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Articles That May Change Your Practice: Etomidate Versus Ketamine for Intubation

  • Author Footnotes
    a Russell D. MacDonald, MD, MPH, FCFP, FRCPC, DRCPSC, is the former medical director at Ornge Transport Medicine; the current medical director at Toronto Paramedic Services; a professor in the Faculty of Medicine at the University of Toronto; and an attending staff member at Sunnybrook Health Sciences Centre in Toronto, Ontario, Canada. He can be reached at [email protected]
    Russell D. MacDonald
    Correspondence
    Corresponding author.
    Footnotes
    a Russell D. MacDonald, MD, MPH, FCFP, FRCPC, DRCPSC, is the former medical director at Ornge Transport Medicine; the current medical director at Toronto Paramedic Services; a professor in the Faculty of Medicine at the University of Toronto; and an attending staff member at Sunnybrook Health Sciences Centre in Toronto, Ontario, Canada. He can be reached at [email protected]
    Affiliations
    Ornge Transport Medicine, Mississauga, Ontario, Canada

    Toronto Paramedic Services, Toronto, Ontario, Canada

    Faculty of Medicine, University of Toronto, Toronto, Ontario, Canada

    Sunnybrook Health Sciences Centre, Toronto, Ontario, Canada
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  • Author Footnotes
    b Kailey C. Winkler, MD, is a resident emergency medicine physician at Vanderbilt University Medical Center in Nashville, TN
    Kailey C. Winkler
    Footnotes
    b Kailey C. Winkler, MD, is a resident emergency medicine physician at Vanderbilt University Medical Center in Nashville, TN
    Affiliations
    Vanderbilt University Medical Center, Nashville, Tennessee, USA
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  • Author Footnotes
    c Aaron J. Lacy, MD, FAWN, is a flight physician at Vanderbilt LifeFlight and an emergency physician and residency instructor at Vanderbilt University Medical Center.
    Aaron J. Lacy
    Footnotes
    c Aaron J. Lacy, MD, FAWN, is a flight physician at Vanderbilt LifeFlight and an emergency physician and residency instructor at Vanderbilt University Medical Center.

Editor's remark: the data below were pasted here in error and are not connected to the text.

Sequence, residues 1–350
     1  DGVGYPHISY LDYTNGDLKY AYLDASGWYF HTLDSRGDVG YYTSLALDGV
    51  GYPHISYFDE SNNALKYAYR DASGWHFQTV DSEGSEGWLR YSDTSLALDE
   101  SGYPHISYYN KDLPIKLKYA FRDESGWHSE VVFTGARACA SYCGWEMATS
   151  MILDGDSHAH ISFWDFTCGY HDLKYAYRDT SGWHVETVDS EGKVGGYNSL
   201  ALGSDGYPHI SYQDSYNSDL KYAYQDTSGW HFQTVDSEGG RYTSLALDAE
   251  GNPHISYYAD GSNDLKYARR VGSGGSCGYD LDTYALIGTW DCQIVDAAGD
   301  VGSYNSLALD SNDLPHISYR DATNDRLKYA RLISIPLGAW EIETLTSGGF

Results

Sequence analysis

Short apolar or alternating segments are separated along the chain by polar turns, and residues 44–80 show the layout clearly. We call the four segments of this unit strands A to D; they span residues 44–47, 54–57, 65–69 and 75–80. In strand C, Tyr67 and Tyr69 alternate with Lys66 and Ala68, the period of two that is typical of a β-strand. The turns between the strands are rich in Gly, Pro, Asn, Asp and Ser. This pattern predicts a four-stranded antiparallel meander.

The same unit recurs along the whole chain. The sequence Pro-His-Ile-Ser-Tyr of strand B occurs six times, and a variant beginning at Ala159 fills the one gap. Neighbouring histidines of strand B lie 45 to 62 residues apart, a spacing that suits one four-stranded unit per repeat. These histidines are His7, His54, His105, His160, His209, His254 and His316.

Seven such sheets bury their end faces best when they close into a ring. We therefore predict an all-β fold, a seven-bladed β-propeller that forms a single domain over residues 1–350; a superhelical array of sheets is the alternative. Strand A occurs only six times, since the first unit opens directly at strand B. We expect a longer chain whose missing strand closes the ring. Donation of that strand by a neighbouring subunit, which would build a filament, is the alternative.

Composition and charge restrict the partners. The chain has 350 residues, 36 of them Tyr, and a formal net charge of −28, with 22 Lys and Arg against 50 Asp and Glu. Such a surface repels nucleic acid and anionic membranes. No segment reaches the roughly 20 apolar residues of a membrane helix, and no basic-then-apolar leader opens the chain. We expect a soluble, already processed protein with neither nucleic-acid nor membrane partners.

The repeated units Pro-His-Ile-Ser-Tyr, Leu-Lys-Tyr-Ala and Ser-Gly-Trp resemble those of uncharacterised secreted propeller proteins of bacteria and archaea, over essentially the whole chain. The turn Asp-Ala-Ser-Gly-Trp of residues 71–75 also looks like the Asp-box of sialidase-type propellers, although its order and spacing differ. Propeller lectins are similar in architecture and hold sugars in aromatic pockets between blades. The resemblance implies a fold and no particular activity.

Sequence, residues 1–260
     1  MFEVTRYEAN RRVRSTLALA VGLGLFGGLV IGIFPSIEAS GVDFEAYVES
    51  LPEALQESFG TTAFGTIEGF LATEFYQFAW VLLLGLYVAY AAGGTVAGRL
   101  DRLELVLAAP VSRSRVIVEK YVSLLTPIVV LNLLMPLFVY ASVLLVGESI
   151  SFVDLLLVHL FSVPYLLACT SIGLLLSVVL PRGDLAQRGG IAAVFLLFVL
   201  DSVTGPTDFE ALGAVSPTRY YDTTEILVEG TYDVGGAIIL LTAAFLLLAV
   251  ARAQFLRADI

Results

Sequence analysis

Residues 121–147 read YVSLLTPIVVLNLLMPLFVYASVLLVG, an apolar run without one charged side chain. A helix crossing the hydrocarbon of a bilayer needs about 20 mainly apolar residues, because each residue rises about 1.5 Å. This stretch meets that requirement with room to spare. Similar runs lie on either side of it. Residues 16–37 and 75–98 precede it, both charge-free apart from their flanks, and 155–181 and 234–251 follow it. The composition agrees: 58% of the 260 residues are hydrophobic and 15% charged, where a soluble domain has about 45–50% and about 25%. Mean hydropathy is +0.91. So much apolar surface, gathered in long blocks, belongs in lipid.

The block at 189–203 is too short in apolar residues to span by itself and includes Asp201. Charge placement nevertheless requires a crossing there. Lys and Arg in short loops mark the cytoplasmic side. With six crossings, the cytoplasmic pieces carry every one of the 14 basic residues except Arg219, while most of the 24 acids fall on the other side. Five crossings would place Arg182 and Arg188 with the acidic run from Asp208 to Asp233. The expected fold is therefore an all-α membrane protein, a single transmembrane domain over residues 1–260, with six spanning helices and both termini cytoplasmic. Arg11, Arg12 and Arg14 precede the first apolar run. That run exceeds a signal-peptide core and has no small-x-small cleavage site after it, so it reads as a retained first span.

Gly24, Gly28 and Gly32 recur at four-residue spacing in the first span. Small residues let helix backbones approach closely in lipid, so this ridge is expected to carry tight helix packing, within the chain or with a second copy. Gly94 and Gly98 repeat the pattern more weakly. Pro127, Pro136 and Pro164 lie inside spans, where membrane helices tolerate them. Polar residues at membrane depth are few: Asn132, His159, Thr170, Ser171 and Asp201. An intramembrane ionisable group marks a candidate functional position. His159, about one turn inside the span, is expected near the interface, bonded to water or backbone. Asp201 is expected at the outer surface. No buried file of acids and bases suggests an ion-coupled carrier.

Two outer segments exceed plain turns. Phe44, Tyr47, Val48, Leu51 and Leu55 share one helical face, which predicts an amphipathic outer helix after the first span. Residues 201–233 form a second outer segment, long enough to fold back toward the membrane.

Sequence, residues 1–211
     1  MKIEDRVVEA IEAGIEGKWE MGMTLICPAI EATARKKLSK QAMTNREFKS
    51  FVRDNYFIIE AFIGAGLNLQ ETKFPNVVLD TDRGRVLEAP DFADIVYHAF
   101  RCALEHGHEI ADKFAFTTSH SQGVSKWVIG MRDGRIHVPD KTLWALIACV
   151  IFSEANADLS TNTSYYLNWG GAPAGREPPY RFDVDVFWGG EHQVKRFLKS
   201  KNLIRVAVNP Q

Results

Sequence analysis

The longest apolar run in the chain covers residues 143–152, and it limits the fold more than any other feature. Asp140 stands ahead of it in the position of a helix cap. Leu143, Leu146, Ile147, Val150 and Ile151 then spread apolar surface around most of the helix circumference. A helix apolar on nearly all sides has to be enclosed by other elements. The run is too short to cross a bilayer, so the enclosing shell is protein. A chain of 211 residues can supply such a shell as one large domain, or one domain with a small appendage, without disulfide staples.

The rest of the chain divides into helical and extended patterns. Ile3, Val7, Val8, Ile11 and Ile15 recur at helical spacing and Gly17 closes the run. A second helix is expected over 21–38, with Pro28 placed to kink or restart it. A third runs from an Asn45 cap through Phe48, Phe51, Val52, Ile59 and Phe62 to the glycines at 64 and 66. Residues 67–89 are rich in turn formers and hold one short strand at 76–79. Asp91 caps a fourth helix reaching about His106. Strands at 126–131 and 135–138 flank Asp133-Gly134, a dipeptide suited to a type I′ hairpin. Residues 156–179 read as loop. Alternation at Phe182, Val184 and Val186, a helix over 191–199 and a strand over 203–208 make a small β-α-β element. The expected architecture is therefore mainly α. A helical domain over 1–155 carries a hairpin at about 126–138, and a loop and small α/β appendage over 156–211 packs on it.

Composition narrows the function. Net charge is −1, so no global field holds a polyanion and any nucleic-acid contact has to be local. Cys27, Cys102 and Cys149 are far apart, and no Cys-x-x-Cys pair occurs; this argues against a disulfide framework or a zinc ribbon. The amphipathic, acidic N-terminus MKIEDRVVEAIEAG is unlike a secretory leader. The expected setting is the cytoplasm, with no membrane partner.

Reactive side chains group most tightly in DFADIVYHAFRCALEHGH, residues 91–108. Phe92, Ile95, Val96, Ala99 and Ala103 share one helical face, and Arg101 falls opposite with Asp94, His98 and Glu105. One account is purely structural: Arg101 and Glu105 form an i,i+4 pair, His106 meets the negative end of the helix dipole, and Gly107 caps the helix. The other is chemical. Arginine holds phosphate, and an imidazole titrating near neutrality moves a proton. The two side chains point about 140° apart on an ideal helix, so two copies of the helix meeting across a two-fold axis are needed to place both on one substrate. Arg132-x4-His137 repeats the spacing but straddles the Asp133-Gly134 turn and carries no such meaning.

Affiliations
    Vanderbilt University Medical Center, Nashville, Tennessee, USA

    Vanderbilt LifeFlight, Nashville, Tennessee, USA
    Search for articles by this author
  • Author Footnotes
    a Russell D. MacDonald, MD, MPH, FCFP, FRCPC, DRCPSC, is the former medical director at Ornge Transport Medicine; the current medical director at Toronto Paramedic Services; a professor in the Faculty of Medicine at the University of Toronto; and an attending staff member at Sunnybrook Health Sciences Centre in Toronto, Ontario, Canada. He can be reached at [email protected]
    b Kailey C. Winkler, MD, is a resident emergency medicine physician at Vanderbilt University Medical Center in Nashville, TN
    c Aaron J. Lacy, MD, FAWN, is a flight physician at Vanderbilt LifeFlight and an emergency physician and residency instructor at Vanderbilt University Medical Center.
      A requisite skill of prehospital emergency care is the ability to establish a definitive airway through endotracheal intubation if a patient is unable to adequately oxygenate, ventilate, or protect his or her own airway. In the emergency setting, this is most frequently done through rapid sequence intubation (RSI). RSI is achieved with a bolus of an inducing sedative medication followed rapidly by a paralytic, allowing quick and safe passage of an endotracheal tube through the vocal cords. There are multiple induction agents, and there is debate about which is most ideal from a hemodynamic standpoint. Hemodynamic stability is crucial during RSI because peri-intubation hypotension has been shown to increase mortality. Because prehospital providers are responsible for the initial patient stabilization, it is imperative they select a hemodynamically favorable agent to decrease the risk of hypotension and thus mortality.
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